007 is assigned by M to protect an oil heiress from her former kidnapper Renard, an international terrorist who can’t feel pain.
We are into film three of the Brosnan era, the film was released just on the verge of a new millennium and is the last Bond film of the twentieth century. A lot to live up to? Don’t fear, not for this film crew. The films opening sequence sets you up for exactly what your watching, the films pre-titles runs in at fifteen minutes, with three individual action sequences and a meeting in M’s office culminating with a boat chase on the Thames which ends just outside the Millennium Dome, handy considering it’s the Bond film of the millennium! With little time to catch your breath, as the audience, you know you’re watching an event, not just a film.
In the early stages of the film after the titles have run, Bond has his usual Q briefing scene. However, in this film it’s all more poignant as this is Desmond Llewelyn’s final appearance. In the scene we are introduced to his ‘junior’ assistant, R played by the legendary John Cleese. From an assistant being introduced and Llewelyn being at the times in his eighties, you can tell that the producers were putting things in place for the actor to leave the series. What a tragedy that, after a long career and life, Llewelyn died in a car crash just a few months after the release of this film. The scene is a great end to a legend of the Bond family and he is missed as Q still to this day.
The rest of the cast of this adventure is very impressive, well, apart from one entry! Pierce Brosnan by this film could relax and just play the part with his eyes closed, thankfully he does not do this! He again keeps surprising us the viewer, he shows more sides to this character than we’ve seen before. We have the stone killer, charming spy from GoldenEye, the vulnerability that he showed in Tomorrow Never Dies and here we get all that and more. Brosnan brings a loyalty to M, a friendship to his commanding officer, a brothers-in-arms mentality. Brosnan humanises Bond, not just vulnerability, but questions of why he does this life, what does he get from this and who does he truly trust.
Robert Carlyle is billed as the main villain; he plays the terrorist Renard. a man who is slowly dying and feels no pain. Carlyle could have easily overplayed this role and hammed it up. Wisely, he doesn’t and shows his acting skills, he gives us a subtle presence of menace, a man enjoying the evil side of life before his accepted soon demise.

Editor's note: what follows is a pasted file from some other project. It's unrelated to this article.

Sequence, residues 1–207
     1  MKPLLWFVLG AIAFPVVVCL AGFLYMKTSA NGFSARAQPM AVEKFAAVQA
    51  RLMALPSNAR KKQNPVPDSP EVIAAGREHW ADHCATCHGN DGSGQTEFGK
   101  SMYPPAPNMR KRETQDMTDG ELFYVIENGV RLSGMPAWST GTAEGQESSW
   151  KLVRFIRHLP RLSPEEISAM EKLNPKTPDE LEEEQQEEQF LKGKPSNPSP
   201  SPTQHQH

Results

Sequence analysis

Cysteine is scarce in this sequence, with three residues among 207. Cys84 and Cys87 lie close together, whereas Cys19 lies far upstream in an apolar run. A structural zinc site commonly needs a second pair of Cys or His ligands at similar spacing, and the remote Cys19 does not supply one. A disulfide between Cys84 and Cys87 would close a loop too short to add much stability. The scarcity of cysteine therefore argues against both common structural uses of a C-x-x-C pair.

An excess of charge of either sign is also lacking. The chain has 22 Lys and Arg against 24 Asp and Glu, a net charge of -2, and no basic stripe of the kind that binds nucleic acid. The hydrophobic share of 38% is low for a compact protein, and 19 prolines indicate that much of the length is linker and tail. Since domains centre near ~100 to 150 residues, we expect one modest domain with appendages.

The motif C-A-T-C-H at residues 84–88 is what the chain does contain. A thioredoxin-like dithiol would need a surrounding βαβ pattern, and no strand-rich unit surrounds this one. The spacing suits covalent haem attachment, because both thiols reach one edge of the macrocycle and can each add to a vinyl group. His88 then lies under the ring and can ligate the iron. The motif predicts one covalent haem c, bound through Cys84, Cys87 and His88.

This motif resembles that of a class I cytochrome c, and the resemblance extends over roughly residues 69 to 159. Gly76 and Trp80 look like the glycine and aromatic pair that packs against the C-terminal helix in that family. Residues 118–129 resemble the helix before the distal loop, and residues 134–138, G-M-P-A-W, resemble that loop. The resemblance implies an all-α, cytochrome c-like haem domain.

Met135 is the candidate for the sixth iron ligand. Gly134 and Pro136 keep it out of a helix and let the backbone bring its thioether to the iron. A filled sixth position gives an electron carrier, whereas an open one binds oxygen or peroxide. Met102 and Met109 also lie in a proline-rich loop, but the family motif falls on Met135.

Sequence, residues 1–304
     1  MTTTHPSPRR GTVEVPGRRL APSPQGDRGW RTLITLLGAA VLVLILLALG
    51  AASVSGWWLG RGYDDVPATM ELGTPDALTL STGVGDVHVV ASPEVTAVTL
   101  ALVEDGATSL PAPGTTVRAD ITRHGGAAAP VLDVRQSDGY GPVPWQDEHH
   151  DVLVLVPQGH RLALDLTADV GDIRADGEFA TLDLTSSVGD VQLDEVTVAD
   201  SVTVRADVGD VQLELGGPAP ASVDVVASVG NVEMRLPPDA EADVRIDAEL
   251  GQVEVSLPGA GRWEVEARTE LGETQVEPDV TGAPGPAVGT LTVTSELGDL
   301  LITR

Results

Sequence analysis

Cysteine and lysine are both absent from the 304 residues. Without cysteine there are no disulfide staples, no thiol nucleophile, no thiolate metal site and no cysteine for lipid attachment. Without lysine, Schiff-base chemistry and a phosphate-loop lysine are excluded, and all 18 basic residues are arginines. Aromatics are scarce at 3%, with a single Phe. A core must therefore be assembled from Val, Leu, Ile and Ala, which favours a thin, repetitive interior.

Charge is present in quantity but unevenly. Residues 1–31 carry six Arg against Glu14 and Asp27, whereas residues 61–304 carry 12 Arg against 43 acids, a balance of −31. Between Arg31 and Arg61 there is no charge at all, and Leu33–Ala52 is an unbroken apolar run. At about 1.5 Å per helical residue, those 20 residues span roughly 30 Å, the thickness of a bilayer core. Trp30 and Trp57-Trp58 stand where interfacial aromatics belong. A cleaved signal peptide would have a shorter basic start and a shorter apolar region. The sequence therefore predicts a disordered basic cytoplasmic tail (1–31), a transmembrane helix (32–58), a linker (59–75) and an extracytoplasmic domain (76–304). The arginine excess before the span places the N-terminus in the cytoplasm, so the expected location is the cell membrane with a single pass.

Sophie Marceau is a first, a Bond Girl who is revealed to be the real mastermind villain – Renard is her henchman. She plays the part exceptionally, a true femme fatale, menacing bitchiness without being a screaming banshee villainess. She pays this manipulating evil woman so well, it worries me of the person she really is! I’m sure she’s just a fantastic actress.
Judi Dench’s M has a lot more involvement with this plot, M is even held hostage, not surprising when you have talent like Dench signed to this role and after two previous adventures to introduce Bond’s female boss. Like Brosnan does with Bond – she humanizes her role and shows a vulnerability to her character that pulls you in. You genuinely care about her M. What’s nice is the solid relationship between M and Bond.
The weak link I mentioned, Denise Richards as Dr Christmas Jones, the worst miscasting in Bond films for years. A nuclear scientist? Really? REALLY! She’s useless, just obviously here for the teenage men!
The film, like GoldenEye and Tomorrow Never Dies before it, is again wall-to-wall action, deliberately delivering a high octane fueled adventure. Highlights are the boat chase on the Thames, the ski chase (the first ski action we’ve seen since fourteen years earlier in A View To A Kill – it’s a nice welcome return of ski action), the shoot out in the nuclear bunker where Bond meets Dr Christmas Jones, the bomb inside the pipeline, the helicopter sequence at Zukovsky’s factory and of course a showdown aboard a sinking submarine.
This is a great Bond film, wall-to-wall action and more importantly a strong plot, a plot with twists and turns, and solid performances by the cast (not including Richards!). This Bond film is very much overlooked and underrated by many. This is what a Bond film should be.
Rating: 5 out of 5